# How can I write $1^2+3^2+\dots+(2n+3)^2$ without using the dots? [closed]

How can I write $1^2+3^2+\dots+(2n+3)^2$ without using the dots?

## closed as off-topic by user21820, José Carlos Santos, Did, Shailesh, YiFanFeb 6 at 0:43

This question appears to be off-topic. The users who voted to close gave this specific reason:

• "This question is missing context or other details: Please provide additional context, which ideally explains why the question is relevant to you and our community. Some forms of context include: background and motivation, relevant definitions, source, possible strategies, your current progress, why the question is interesting or important, etc." – user21820, Did, Shailesh
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• Well, that you've generalize that $(2n+3)^2$ is a term should be a huge hint. $1^2 = (2*(-1) + 3)^2$ and $3=(2*0 + 3)^2$ and the next term is $5^2 = (2*1 + 3)^2$. So this is $\sum\limits_{k=-1}^n(2n+3)^2$. – fleablood May 10 '18 at 16:18
• It's unclear whether you are asking about notation (which is how I read it, thus my tag edit) or about finding a closed-form formula for the series (which would imply that "summation" would be a good tag). This confusion is reflected in the different answers you have been given. – Joffan May 10 '18 at 17:00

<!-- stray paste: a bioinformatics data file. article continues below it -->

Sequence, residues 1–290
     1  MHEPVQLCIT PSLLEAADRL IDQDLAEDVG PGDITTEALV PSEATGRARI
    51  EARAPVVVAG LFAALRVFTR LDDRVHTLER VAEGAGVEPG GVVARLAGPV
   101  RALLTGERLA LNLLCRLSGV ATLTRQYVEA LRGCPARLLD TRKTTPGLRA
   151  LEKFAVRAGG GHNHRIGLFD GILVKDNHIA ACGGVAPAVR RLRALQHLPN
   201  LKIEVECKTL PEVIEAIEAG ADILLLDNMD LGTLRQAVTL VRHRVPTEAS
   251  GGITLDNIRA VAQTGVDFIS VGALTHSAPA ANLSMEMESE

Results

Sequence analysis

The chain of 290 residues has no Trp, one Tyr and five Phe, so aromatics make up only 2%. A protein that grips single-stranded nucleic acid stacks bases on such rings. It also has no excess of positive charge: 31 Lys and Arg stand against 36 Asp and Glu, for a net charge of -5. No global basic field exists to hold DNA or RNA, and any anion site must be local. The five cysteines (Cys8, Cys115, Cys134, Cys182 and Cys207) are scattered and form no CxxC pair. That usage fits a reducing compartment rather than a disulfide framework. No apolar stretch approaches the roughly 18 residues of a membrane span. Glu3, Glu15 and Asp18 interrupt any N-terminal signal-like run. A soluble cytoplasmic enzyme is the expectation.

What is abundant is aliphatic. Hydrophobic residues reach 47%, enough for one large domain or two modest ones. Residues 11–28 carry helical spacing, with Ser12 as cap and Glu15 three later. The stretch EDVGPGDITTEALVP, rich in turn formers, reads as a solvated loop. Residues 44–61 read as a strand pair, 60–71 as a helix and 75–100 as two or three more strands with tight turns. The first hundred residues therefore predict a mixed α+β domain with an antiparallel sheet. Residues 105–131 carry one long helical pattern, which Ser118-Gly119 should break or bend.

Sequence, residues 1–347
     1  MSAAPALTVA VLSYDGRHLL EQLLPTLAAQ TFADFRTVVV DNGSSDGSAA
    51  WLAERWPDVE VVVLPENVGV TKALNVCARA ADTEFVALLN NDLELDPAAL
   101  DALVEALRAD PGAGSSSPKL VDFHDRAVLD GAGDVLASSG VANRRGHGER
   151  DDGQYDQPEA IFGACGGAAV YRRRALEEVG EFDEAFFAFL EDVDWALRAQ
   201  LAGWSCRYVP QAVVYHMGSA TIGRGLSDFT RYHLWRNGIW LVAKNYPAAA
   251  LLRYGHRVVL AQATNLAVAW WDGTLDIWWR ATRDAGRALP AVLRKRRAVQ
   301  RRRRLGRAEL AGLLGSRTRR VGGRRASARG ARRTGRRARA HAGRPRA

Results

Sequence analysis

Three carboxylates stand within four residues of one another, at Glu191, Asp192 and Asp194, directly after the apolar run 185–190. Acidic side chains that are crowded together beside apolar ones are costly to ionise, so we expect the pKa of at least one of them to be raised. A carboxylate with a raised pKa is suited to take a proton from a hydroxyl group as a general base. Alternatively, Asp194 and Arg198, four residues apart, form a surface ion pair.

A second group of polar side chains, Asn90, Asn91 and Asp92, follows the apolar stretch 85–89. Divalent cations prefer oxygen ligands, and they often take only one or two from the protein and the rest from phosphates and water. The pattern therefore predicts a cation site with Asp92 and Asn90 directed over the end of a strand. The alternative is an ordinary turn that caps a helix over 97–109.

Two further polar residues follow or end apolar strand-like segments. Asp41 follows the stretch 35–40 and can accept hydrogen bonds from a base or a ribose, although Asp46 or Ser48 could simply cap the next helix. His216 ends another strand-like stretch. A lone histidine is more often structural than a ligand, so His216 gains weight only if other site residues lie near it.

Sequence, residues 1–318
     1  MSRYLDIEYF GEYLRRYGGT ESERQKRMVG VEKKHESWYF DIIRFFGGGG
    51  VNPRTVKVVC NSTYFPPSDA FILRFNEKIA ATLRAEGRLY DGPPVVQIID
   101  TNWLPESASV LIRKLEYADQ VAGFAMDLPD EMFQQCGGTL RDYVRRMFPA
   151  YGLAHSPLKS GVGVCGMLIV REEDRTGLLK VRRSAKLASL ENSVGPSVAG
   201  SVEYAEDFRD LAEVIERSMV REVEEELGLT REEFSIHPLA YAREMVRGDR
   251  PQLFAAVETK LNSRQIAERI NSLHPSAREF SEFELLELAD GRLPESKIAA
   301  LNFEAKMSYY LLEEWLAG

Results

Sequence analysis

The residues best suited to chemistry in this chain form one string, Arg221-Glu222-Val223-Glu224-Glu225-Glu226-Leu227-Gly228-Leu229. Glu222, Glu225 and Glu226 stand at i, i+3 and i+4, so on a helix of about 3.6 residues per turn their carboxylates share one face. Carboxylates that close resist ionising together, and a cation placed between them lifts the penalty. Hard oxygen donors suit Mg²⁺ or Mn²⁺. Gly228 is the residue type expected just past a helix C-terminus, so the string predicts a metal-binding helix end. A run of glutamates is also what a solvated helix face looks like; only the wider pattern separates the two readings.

$$\sum_{k=0}^{n+1}(2k+1)^2.$$Do you know the symbol $\sum$?
• Why not $2n+3$? – user557276 May 10 '18 at 16:27
• @user557276 $2n+3$ is obtained as $2(n+1)+1$. – Przemysław Scherwentke May 10 '18 at 16:28
$$\sum_{k=0}^{n+1} (2k+1)^2 = 1^2+3^2+\dots+(2n+3)^2.$$
$$1^2+3^2+\dots+(2n+3)^2= (1^2+2^2+\dots+(2n+3)^2)-4(1^2+2^2+\dots+(n+1)^2)$$ $$= {(2n+3)(2n+4)(4n+7)\over 6}-4{(n+1)(n+2)(2n+3)\over 6}$$ $$= 2(n+2)(2n+3){4n+7-2n-2\over 6}$$ $$= (n+2)(2n+3){2n+15\over 3}$$ It is without dots :).